Zimbabweans began voting on Monday in the first election since the removal of former president Robert Mugabe, a watershed vote they hope will rid the country of its global pariah status and spark a recovery in its failed economy.
The election will see 75-year-old President Emmerson Mnangagwa, a long-time Mugabe ally, face 40-year-old Nelson Chamisa, a lawyer and pastor who is vying to become Zimbabwe's youngest head of state.
Voting started at 7 a.m. (0500 GMT) and will end at 7 p.m.
Polls give former intelligence chief Mnangagwa, who took over as president after the army ousted Mugabe in a bloodless coup in November, only a slim lead over Chamisa.
There will be a runoff on Sept. 8 if no candidate wins more than half the votes.
Nicknamed "the Crocodile", an animal famed in Zimbabwean lore for its stealth and ruthlessness, Mnangagwa has pledged to revive a moribund economy, attract foreign investment and mend racial and tribal divisions.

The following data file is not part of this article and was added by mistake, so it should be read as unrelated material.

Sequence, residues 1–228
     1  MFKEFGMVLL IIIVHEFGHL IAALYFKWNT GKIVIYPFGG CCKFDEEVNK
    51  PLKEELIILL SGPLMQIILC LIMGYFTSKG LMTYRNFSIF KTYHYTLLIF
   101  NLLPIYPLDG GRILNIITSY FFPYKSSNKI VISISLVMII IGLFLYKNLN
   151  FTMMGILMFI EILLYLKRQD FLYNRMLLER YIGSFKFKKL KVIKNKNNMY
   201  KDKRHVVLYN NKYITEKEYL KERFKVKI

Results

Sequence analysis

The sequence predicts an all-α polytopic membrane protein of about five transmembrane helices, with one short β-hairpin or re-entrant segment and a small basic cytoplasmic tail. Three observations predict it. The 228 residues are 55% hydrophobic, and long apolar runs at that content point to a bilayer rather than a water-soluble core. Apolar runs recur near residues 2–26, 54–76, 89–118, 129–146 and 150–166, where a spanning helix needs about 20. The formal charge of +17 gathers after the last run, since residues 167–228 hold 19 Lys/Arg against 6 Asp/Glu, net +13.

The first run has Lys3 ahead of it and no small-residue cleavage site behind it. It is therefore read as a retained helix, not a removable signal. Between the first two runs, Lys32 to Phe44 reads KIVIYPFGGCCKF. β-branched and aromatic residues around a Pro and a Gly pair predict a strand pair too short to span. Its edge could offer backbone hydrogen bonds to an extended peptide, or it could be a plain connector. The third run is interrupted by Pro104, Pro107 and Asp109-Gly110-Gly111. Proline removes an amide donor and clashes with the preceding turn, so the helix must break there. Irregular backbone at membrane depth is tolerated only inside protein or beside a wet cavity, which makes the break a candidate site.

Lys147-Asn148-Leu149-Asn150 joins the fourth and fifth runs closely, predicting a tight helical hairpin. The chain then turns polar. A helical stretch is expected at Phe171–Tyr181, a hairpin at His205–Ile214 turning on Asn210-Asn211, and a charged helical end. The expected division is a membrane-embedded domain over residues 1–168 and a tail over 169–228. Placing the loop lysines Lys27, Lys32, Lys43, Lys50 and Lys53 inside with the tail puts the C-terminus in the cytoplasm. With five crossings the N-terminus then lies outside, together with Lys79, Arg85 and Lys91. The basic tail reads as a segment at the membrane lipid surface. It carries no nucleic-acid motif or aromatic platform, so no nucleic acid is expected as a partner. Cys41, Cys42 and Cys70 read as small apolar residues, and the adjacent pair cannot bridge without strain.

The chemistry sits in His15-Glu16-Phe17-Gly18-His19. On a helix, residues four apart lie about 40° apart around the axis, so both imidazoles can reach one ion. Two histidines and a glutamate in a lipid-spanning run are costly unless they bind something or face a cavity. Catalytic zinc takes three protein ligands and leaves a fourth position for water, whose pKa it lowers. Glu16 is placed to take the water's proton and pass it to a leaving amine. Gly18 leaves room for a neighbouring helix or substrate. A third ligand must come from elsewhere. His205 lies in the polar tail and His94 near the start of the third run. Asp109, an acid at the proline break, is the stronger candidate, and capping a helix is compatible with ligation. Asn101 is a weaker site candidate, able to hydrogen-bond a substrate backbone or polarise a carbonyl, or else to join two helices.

Chamisa, a charismatic speaker who honed his craft in the courtroom and the pulpit, has won over young and unemployed voters who are frustrated with nearly four decades of Zimbabwe African National Union-Patriotic Front (ZANU-PF) rule.
In a surprise intervention on Sunday, Mugabe said he would vote for the opposition, turning on his one-time allies.
Whoever wins will face the mammoth task of putting Zimbabwe back on track after 37 years of Mugabe rule that was tainted by corruption, mismanagement and diplomatic isolation, sending one of Africa's most promising economies into crisis.